STACKS ON TRACKS
- Targeting GFP to the Plant Golgi Apparatus
Hawes & Alan Betteridge,Research School of Biological &
Molecular Sciences,Oxford Brookes University, Oxford, OX3 0BP, UK
Petra Boevink, Simon Santa Cruz &
Karl Oparka, Scottish Crop Research Institute, Dundee,UK.
||In order to further our understanding of the distribution and dynamics of
the individual cisternal stacks comprising the Golgi apparatus in plant cells,
we have spliced the jelly fish green fluorescent protein (GFP) to two proteins
that would be predicted to be targeted to Golgi membranes. These fusions were
expressed in leaves of Nicotiana clevlandii using the potato virus X
expression system1. Firstly, GFP was fused to the C-terminus of the
trans-membrane domain (TMD) of a rat sialyl transferase which would be predicted
(in mammalian cells) to target to the trans-region of the Golgi stack.
Secondly, GFP was spliced to the C-terminus of the Arabidopsis homologue
of the yeast HDEL receptor, aERD2. This protein acts as a receptor, returning
any escaped luminal ER processing proteins from the cis- Golgi back to
It would therefore be predicted to reside predominantly in the Golgi and
cycle to and from the ER. Segments of infected leaves were observed by confocal
microscopy and movies made using Zeiss time resolved software. The relationship
between the Golgi apparatus, ER and the cytoskeleton was observed in aERD2-GFP
expressing leaf cells after paraformaldehyde fixation, permeabilisation and
staining with rhodamine conjugated phalloidin.|
Leaf cells expressing the TMD-GFP fusion exhibited a population of highly
fluorescent mobile organelles located in the cortical cytoplasm of epidermal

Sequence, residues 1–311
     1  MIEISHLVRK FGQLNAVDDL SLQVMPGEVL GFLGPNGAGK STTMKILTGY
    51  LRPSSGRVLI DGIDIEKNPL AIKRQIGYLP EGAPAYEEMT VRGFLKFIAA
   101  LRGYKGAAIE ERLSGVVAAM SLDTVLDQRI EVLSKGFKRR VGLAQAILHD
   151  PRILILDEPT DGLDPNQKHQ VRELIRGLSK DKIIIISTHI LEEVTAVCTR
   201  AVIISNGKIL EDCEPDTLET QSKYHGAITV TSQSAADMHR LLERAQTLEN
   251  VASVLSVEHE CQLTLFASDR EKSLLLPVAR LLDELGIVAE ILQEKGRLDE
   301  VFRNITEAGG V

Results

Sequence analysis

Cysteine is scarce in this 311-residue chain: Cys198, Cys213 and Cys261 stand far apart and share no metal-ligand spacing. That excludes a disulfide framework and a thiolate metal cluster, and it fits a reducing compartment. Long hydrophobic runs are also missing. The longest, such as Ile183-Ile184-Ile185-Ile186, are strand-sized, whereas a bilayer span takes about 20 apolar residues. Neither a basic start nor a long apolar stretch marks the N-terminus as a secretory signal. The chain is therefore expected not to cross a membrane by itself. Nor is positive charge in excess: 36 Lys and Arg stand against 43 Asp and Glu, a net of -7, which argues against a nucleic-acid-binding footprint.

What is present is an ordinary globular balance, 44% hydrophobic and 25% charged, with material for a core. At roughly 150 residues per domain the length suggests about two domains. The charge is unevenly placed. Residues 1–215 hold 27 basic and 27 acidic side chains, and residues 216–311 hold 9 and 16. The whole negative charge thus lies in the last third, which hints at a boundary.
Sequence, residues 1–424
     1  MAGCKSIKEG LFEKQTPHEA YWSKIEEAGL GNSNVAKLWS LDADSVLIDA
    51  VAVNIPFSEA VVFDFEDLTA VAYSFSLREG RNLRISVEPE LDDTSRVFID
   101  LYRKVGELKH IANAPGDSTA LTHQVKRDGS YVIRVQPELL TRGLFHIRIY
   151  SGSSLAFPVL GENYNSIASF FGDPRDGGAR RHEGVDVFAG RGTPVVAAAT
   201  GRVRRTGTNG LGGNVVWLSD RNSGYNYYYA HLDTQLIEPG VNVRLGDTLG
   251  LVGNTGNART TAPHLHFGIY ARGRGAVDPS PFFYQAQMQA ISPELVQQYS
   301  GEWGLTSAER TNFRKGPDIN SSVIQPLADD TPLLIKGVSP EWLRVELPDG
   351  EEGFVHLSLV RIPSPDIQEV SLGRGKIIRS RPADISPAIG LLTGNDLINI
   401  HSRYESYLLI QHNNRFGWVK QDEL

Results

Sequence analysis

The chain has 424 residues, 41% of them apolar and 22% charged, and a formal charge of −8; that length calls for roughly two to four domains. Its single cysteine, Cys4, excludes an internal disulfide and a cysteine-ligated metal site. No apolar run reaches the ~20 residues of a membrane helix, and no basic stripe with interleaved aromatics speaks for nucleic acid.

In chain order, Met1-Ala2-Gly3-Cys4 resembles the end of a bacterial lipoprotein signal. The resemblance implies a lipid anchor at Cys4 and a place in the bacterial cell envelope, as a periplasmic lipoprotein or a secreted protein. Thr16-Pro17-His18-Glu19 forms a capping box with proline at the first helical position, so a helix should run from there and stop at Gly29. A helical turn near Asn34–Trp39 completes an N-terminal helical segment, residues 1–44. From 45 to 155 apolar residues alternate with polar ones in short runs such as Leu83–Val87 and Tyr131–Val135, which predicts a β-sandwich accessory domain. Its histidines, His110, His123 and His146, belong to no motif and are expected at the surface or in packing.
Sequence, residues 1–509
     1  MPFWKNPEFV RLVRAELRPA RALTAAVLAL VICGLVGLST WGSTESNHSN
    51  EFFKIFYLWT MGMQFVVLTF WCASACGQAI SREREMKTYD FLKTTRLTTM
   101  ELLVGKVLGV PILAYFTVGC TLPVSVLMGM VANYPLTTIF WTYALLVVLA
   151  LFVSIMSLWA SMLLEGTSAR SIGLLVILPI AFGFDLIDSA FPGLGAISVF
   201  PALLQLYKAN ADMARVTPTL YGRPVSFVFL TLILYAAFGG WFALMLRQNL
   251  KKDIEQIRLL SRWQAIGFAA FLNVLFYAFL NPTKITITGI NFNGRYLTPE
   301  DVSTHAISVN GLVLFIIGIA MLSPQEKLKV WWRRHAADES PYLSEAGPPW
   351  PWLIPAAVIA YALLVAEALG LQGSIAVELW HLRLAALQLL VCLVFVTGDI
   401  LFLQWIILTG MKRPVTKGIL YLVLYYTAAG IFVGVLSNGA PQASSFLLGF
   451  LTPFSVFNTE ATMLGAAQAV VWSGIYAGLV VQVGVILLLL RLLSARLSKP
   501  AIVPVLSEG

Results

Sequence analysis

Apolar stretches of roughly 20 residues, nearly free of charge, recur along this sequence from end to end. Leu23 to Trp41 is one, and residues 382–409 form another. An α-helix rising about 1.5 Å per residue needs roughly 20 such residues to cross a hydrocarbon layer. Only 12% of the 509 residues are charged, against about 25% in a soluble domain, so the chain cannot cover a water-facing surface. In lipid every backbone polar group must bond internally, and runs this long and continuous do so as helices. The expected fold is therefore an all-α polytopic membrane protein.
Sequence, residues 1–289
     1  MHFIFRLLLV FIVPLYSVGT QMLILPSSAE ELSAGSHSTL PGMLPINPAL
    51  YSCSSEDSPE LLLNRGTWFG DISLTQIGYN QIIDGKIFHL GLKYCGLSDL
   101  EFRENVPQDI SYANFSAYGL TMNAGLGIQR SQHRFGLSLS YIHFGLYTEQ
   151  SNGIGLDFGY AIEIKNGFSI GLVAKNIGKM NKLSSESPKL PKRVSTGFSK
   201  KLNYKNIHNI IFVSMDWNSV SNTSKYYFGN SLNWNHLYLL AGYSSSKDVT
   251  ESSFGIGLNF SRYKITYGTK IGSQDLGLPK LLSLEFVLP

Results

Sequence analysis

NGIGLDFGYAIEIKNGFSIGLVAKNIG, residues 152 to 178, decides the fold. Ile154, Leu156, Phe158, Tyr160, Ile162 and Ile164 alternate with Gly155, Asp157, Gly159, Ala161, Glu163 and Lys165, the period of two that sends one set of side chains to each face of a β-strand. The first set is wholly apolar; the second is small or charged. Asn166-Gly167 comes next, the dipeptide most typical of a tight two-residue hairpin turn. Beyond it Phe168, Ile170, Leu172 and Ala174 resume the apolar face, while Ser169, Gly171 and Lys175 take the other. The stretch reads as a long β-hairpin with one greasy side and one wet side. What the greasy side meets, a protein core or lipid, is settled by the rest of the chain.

cells, the dynamics of which can be viewed in a movie.
Movie showing targeting of sialyl-transferase
signal-anchor sequence to Golgi (8.5MB avi file)
Expression of rat sialyl transferase signal
anchor sequence-GFP in leaf epidermal cells
Immunogold electron microscopy with an anti-GFP serum (Molecular Probes)
showed the construct to be predominantly located towards the trans-face of the
Golgi stacks. This result indicate that the mechanism employed by mammalian
cells for locating Golgi transferases also functions in plant cells, suggesting
the evolution of a pan kingdom targeting strategy for such processing enzymes.
Epidermal leaf cells expressing the aERD2-GFP protein again exhibited a
population of highly flourescent mobile organelles, but also a cortical
reticular network of ER extending into trans-vacuolar strands.
Expression of aERD2-GFP in a leaf
We have previously described this cortical ER network which can be revealed
by GFP-HDEL fusions. Immuno-electron microscopy showed the location of the
ERD2-GFP protein was also in the Golgi stacks which as in the TMD-GFP fusion
were again highly mobile but now could be observed to be exclusively assocated
with the ER and travelled along the cortical ribbons of ER membrane whilst
occasionally jumping onto rapidly streaming strands of ER. This movement of
Golgi is both uni- and bi-directional along a strand of ER and often saltatory
for several seconds before accelerating down a strand. This novel close
association of Golgi and ER can be viewed in the movies- showing tracking of
Golgi on cortical ER. aERD2-GFP fusion. Movie 1(4.5MB avi file)
2 (5.5MB avi file)
Epidermal cell cortical actin network (red)
in a cell expressing aERD2-GFP.
By reducing the green signal and removing
ER fluorescence the Golgi can be seen aligned
on actin cables
Rhodamine phalloidin staining of the epidermal cells revealed a cortical
network of actin filaments which were overlaid by the cortical ER network. By
reducing the contrast of the ER in green image of these double labelled
preparations it could be seen that the Golgi bodies were also associated with
this actin network.
1Oparka, K.J., Boevink, P. and Santa Cruz, S. (1996). Studying the movement
of plant viruses using green-fluorescent protein. Trends in Plant Sci.
2 Boevink, P., Santa Cruz, S., Hawes, C., Harris, N. and Oparka, K.J.
(1996). Virus-mediated delivery of the green fluorescent protein to the
endoplasmic reticulum of plant cells. The Plant Journal 10,
For further details contact: Dr Chris
Hawes, Research School of Biological & Molecular Sciences,Oxford Brookes
University, Oxford, OX3 0BP, UK
Other Research in
Molecular and Cell Biology
Peter v. Sengbusch - email@example.com